Rear Window | Executive privilege

Severo Portela

Once again, Chief Executive Chui Sai On left the government building for Nam Van Lake’s Legislative Assembly to take part in a plenary session called to debate matters explicitly related to his 2018 policy address. Once again, the bi-annual session was a non-eventful meeting, smooth and polite as they can be in an Executive-led system, helped by a carefully staged Q&A in which lawmakers submit their questions in advance and dare not go astray.

No wonder the session was to be dominated, if not hijacked, by the challenges and opportunities to be found in the Greater Bay Area framework for the MSAR: an ambitious Central Government roadmap not yet completely drafted or, rather, still under construction.

We should bear in mind that there is no problem in exchanging ideas on a project of such relevance to Macau. But in doing so, the Legislative Assembly Q&A opted for not discussing current issues of the utmost importance like the amendment of the Macau Special Administrative Region judiciary law, the updating of the security apparatus and its regulations, or the overall gaming outlook around the region. Brief and light allusions are not enough.

Regarding the long-awaited proposal from Sonia Chan to “smooth and expedite” trial proceedings, among other improvements (still in the pipeline and allegedly ready to be delivered to the Legislative Assembly and soon to be tabled), we hear that it will overthrow that absurdity and lighten the aberration which excludes some citizens from the right to appeal. To make things clear, disgraced former Secretary Ao Man Long and disgraced Prosecutor General Ho Chio Meng would have been given the right to appeal from a sentence handed down by the Court of Second Instance, their first, instead of being gridlocked at the Court of Final Appeal, better known by its Portuguese acronym TUI. The proposal may not, however, be extended to the number one in MSAR, a kind of Executive privilege.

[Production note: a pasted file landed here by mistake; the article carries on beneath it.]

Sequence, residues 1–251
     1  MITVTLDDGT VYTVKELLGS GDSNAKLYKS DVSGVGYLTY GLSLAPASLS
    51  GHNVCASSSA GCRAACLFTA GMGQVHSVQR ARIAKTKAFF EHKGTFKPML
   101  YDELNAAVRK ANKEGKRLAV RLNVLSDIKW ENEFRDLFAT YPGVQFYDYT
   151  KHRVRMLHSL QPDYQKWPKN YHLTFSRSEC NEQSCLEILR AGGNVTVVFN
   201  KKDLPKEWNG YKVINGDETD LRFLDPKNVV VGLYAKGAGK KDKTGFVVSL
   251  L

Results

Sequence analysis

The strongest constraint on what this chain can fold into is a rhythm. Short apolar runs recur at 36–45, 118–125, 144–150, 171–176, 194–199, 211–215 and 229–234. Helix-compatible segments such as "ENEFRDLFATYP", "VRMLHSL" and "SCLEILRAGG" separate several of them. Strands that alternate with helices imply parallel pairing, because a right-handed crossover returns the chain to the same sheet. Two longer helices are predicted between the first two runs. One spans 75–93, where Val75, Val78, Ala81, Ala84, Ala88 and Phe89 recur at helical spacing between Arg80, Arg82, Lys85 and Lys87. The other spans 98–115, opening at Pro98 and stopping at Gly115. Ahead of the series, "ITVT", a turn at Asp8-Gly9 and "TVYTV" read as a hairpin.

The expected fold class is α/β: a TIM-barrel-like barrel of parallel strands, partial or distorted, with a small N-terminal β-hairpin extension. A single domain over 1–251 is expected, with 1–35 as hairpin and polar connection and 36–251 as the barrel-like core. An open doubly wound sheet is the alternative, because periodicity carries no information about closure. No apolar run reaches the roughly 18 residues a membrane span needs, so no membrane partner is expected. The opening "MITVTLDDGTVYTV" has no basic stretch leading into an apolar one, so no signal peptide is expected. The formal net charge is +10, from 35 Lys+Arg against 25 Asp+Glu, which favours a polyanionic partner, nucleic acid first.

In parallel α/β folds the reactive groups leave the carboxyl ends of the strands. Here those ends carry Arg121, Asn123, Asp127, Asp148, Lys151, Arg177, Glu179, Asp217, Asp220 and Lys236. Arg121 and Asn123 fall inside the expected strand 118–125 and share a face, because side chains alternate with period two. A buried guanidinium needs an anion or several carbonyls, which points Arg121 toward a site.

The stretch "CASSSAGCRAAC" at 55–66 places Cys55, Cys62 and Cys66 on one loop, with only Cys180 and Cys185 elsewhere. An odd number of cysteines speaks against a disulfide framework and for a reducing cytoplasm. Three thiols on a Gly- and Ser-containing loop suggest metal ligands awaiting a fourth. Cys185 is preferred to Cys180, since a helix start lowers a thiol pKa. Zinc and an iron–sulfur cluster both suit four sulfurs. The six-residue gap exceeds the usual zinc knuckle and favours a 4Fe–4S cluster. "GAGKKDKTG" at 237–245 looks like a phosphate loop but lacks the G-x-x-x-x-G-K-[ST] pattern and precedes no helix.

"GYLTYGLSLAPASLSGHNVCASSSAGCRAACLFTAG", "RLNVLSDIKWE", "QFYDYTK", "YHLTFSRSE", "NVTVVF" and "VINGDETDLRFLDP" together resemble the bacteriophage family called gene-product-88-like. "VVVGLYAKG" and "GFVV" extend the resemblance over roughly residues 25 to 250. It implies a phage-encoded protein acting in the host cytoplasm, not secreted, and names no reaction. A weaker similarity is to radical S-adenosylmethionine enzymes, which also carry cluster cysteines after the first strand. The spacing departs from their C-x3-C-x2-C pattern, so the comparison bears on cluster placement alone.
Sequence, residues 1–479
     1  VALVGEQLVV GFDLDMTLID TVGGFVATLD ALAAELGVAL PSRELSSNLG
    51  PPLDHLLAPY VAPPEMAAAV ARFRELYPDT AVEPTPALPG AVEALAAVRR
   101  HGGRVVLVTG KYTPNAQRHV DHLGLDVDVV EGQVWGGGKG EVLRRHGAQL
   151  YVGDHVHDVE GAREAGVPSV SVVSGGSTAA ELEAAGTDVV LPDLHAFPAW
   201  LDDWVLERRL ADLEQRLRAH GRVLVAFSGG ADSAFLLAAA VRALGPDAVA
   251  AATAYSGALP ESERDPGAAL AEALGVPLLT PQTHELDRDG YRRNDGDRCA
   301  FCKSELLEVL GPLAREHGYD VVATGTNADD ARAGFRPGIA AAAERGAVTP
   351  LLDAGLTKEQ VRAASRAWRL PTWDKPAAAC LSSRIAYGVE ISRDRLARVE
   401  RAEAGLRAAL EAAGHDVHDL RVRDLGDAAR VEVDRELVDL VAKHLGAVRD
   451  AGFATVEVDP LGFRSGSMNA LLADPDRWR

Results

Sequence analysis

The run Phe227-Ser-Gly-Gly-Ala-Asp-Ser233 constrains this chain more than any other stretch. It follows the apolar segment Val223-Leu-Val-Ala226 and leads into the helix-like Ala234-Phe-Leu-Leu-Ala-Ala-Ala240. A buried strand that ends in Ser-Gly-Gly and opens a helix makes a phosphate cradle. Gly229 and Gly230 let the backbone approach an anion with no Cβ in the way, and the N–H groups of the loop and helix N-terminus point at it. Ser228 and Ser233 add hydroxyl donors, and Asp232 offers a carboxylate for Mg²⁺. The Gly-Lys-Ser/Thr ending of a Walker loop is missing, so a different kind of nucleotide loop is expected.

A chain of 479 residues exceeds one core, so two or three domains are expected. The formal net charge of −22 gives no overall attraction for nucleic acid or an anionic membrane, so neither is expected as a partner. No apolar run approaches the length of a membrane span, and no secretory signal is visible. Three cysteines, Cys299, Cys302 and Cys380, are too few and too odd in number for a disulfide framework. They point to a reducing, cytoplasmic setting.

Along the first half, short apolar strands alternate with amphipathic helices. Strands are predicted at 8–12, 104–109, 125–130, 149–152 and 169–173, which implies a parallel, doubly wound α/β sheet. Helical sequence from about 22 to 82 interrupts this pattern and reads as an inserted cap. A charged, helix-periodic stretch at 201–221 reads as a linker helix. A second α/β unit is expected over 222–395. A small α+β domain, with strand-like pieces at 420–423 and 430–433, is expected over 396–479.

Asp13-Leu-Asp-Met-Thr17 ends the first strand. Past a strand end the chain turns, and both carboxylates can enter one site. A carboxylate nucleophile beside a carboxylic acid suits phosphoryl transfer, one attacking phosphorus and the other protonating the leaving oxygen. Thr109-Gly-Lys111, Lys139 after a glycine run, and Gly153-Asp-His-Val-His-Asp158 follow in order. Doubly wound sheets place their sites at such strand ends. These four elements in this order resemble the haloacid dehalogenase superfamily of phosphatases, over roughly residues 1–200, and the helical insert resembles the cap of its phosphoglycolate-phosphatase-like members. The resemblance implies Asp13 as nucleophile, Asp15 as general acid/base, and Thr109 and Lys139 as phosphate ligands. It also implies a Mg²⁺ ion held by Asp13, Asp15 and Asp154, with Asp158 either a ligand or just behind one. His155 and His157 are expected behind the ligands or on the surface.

Unfortunately, the will to right some wrongs will not allegedly be extended to that singular idea which prevents foreign judges from hearing or ruling on matters of national security. Secretary for Administration of Justice denies that the idea is discriminatory, rather, on the contrary, one that is justly driven by the idea to expedite trial proceedings.

The idea of selecting judges amounts to a very unusual way of conceiving this question; since, objectively, while preventing some judges to rule on any matter is to put up a corps of special judges. We are at the same time inducing the idea of special courts. And the effects of the symmetry do not stop here, even if the rationale seems topsy-turvy: special judges, special courts, and a special law. At the crossroads, all converge in a scary way: the national security law aka article 23 and its upcoming supplementary regulations are harmless but are made special by the internal security law and a corresponding bureau or new public department to address security matters.

Perhaps this is nothing more than the new security paradigms making their presence felt, but we have to confess that when we picture this legal and enforcement apparatus together with legislator Mak Soi Kun’s calls to further upgrade the CCTV system to a surveillance system of the SKY NET type, we do not feel intent on reviewing the movie. “Some residents suggested (to Mak Soi Kun) that besides installing more CCTV cameras, Macau can refer to the mainland practice of using artificial intelligence and big data to predict events, thus establishing Macau’s Sky Net… Macau can introduce a real-time pedestrian system in order to develop a three-dimensional security prevention and control system”.

This begs three questions: With whom is Mak Soi Kun talking and who will guard the guards themselves (ques custodiet ipsos custodes)?

Categories Opinion